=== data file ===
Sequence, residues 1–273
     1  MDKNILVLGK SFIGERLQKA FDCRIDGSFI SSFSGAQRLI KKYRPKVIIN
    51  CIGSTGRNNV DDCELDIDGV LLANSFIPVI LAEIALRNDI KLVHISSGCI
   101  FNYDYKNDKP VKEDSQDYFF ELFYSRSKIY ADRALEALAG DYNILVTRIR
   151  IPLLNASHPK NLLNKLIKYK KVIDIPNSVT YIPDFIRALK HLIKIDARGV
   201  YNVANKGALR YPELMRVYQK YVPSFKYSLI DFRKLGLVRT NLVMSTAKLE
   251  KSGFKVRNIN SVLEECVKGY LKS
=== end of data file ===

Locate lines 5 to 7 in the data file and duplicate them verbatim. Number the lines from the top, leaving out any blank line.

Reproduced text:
   151  IPLLNASHPK NLLNKLIKYK KVIDIPNSVT YIPDFIRALK HLIKIDARGV
   201  YNVANKGALR YPELMRVYQK YVPSFKYSLI DFRKLGLVRT NLVMSTAKLE
   251  KSGFKVRNIN SVLEECVKGY LKS